CAPE HATTERAS, NC - Hippocampus erectus dads have been neglecting their responsibilities too often lately, say seahorse moms, and it's leaving deep scars in their coral reef community.
"He said he didn't want to do an 8-hour courtship dance because his love was 'too strong' to be expressed by some lame tradition or a ritual. Psshh!!" said one, remembering her encounter with a male who called himself "War Admiral."
"Personally, I think he just couldn't wait for me to stick my ovipositor all up inside him," she added; nevertheless, she said she naively succumbed to the charms of the dashing 7-inch seahorse, depositing her eggs in his protruding pouch.
She left to go find food shortly thereafter, but when she returned from her 100-yard journey, battling tidal ebb and predatory fish far swifter than she, all she found was a litter of 100-200 eggs strewn about his allotted one square yard of territory.
Mary Secretariat, a third-generation seahorse from the Cape Hatteras area, said her babies' daddy has been hanging around brackish waters with Black Molly, a female fish known to carry her own young to term and bear them live.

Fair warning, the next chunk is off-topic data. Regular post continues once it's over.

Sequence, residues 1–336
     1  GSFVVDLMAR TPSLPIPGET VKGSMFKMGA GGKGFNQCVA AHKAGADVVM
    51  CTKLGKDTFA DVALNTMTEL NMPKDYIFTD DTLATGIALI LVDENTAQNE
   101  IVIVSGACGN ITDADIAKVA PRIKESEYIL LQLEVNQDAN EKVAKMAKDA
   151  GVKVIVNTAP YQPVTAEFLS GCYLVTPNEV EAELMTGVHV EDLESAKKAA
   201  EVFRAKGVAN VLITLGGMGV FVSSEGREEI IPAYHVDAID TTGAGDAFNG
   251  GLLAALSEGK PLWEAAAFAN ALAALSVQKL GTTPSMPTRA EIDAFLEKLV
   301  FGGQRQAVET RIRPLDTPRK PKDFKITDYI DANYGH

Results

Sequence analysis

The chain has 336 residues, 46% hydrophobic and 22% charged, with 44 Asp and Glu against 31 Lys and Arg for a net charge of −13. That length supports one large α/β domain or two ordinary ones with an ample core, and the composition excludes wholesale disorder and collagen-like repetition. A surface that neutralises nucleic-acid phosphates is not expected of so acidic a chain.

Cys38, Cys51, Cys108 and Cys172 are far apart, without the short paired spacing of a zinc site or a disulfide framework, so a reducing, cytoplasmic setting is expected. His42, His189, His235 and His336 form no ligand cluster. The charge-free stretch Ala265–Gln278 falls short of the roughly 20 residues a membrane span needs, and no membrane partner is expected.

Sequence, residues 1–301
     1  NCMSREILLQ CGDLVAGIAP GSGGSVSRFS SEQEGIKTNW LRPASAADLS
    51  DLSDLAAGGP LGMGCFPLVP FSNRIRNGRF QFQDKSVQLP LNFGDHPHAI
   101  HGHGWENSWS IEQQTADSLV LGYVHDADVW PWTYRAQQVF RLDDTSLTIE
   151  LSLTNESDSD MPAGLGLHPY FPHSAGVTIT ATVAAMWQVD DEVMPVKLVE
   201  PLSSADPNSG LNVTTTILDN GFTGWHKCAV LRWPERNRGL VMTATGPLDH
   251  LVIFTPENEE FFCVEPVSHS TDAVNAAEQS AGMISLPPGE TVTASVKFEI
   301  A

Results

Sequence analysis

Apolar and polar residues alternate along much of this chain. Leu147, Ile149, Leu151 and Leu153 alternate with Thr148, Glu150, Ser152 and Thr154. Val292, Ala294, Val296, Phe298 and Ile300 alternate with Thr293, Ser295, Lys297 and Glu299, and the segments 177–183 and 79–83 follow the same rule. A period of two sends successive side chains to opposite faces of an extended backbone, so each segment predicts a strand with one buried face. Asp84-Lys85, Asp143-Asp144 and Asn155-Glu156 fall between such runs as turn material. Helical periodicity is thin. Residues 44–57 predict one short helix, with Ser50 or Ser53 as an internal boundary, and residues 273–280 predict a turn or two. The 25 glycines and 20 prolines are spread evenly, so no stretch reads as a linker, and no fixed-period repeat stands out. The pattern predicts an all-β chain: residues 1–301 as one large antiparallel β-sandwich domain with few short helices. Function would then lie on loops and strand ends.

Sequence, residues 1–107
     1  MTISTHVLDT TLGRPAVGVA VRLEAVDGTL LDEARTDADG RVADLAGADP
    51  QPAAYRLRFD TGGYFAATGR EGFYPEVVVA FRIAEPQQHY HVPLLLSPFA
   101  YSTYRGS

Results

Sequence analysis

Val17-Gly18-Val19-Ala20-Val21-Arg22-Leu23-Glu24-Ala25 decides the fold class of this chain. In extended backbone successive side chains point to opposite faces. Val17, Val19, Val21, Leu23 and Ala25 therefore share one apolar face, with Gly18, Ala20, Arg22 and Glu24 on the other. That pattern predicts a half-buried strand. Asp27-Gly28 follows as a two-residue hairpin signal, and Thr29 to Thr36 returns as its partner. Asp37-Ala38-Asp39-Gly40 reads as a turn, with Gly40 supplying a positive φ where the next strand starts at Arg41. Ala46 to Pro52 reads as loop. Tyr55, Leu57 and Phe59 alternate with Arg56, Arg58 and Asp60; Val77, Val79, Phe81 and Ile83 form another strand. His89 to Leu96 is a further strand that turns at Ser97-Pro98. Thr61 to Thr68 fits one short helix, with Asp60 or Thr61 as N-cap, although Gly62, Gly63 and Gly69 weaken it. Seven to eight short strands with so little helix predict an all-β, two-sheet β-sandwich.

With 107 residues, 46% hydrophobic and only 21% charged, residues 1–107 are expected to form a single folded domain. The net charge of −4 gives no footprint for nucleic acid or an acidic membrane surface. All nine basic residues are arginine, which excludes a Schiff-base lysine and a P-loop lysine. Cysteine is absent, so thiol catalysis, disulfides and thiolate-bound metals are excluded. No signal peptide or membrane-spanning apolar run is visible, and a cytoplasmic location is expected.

Sally Seabiscuit of Hilton's Head Island, North Carolina indicated she didn't know how she might have come down with "a real nasty case of hermit crabs" until she caught her seahorse in a bed of eel grass with two pipefish and a fifteen-spined stickleback.
When she confronted him about it, he made a break for the home stretch, but not to her home, swimming off into the sunset that very night, leaving her to fend for her young, alone.
Dr. C. Waters, a maritime sociologist, says the trend is exacting a "heavy toll" on the seahorse community.
"It's always been a 'fish eat fish' world, yes," he said. "I get it. Nevertheless, without adequate parental care, these small fry are going to get eaten alive out there in the real ocean. Sure, it's fun to spread your seed to the seven seas, but still waters run deep.
"Clearly, these philanderers aren't worth their salt."